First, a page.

John Henry: Folktale or Legend?

Some say folktale and others say legend but no matter your classification you can not discredit the value in the story of the larger than life figure, John Henry.

“John Henry”, the ballad, tells the story of a steel-driving man who died in his race against the steam drill at the Big Bend Tunnel, near Talcott, West Virginia, on the Chesapeake and Ohio Railroad around 1870.  Some think John Henry was a real person, a large African American man who traveled along the Atlantic Coast “driving a steel hammer” for the railroad.  

Construction of Great Bend Tunnel, under the Big Bend Mountain, began in 1870 and the lead contractor on the project was W.R. Johnson who paid some 800 to 1000 men and boys $1.25 a day.

As word quickly spread of this job opportunity, many ex-slaves and white Irish immigrants from the North Carolina and Virginia area came to Big Bend Mountain seeking employment.  Included in this migration of men and their families according to records was an ex-slave named John Henry.  

There has been interviews that says John Henry was a man of large stature.  Some accounts and records show that because of his skill set and large size he earned $1.75/day instead of the usual $1.25/day.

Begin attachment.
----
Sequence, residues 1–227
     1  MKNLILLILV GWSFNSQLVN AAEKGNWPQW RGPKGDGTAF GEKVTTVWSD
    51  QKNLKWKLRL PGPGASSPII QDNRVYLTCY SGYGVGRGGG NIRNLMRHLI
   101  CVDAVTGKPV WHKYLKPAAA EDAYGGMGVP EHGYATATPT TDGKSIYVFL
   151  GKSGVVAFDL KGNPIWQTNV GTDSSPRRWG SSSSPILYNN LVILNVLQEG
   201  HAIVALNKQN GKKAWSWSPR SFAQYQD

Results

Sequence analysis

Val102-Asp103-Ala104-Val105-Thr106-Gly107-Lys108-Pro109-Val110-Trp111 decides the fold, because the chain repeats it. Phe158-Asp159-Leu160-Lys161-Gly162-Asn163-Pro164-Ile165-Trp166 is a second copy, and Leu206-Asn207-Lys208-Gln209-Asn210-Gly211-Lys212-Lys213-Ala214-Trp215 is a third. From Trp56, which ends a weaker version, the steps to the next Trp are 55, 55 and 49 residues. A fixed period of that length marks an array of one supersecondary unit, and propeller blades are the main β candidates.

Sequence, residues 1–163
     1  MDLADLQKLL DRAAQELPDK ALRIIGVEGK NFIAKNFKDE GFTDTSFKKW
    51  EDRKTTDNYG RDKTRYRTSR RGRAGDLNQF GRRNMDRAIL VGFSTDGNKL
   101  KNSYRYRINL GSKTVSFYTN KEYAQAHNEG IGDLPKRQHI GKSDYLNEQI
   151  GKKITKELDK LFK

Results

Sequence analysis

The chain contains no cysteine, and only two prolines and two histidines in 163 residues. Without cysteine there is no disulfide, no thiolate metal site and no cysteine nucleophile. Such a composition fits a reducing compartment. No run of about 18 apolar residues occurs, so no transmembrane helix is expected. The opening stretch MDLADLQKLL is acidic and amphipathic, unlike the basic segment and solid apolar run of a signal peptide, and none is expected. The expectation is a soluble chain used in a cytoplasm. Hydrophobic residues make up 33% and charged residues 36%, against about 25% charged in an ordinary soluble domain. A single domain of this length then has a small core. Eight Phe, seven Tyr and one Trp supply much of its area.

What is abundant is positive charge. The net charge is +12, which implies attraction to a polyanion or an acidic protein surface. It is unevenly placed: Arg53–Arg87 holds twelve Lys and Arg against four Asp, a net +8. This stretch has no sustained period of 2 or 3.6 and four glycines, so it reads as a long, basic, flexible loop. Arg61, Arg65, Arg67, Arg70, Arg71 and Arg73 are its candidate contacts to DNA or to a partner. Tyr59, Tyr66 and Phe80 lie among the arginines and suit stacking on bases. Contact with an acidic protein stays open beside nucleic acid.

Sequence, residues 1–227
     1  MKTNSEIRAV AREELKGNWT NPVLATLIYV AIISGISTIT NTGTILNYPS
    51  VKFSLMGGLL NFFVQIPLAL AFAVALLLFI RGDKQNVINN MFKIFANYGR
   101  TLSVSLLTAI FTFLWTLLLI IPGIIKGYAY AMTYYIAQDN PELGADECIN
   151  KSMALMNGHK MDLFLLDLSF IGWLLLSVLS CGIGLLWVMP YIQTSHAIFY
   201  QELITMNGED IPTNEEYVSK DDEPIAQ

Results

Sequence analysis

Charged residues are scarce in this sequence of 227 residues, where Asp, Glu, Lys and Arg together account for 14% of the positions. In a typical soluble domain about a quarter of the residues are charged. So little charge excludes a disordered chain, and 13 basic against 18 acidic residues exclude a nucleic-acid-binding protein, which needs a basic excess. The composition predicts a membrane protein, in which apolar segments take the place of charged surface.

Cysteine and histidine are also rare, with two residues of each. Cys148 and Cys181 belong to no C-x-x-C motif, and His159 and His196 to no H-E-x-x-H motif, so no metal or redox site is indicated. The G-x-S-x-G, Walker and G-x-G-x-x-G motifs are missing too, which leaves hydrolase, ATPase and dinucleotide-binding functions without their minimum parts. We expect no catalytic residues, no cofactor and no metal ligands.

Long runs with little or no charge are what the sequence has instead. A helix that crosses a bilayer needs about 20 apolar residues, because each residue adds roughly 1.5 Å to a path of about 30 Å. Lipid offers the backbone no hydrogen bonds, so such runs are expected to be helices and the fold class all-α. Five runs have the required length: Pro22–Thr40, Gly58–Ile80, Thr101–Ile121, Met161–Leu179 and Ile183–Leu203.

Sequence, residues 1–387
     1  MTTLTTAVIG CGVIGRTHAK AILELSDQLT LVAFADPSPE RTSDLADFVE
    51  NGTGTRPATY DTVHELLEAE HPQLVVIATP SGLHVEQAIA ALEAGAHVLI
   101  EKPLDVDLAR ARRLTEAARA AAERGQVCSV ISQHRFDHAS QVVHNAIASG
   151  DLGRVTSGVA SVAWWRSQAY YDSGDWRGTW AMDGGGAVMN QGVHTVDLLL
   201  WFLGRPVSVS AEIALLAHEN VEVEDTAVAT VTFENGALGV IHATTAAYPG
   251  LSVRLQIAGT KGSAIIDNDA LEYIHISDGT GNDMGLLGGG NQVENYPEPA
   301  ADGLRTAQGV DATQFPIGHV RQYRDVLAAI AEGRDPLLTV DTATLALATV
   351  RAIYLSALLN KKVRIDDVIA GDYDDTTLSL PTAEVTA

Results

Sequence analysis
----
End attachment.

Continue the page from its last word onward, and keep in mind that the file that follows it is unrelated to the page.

Whether or not we believe the ballad of John Henry, we shall never know the truth as a fire destroyed C&O Headquarters in the Late 1800’s.  Along with the headquarters, all documentation of Great Bend Tunnel’s costs, toll of lives, etc. went up in smoke.  

We do know though, a letter from W.R. Johnson, president of a coal company at Smithers by the same name, wrote Mr. Johnson that his father (Davidson) was an eye witness to a famous race.

The letter in part read: “My grandfather, Stephen Davidson, who worked on Great Bend Tunnel the entire time it took to build, was present and stood by and watch John Henry accomplish this unbelievable act of beating the steam drill.  And John Henry used two hammers; undoubtedly the handles were short.  Grandfather told me many times over about this feat.  He also told me that John Henry collapsed at the finish and was never able to work again.  The information I am giving you came from an eyewitness.” 

Whether this is true or not I will leave up to you the reader.  So we ask John Henry, Folktale or Legend?Image

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About Tuesday Morning Group

The Tuesday Morning Group, a faith-based collaborative network in Charleston West Virginia, serves as a bridge to constructive community changes through citizen education and political action to impact policy and program decisions.

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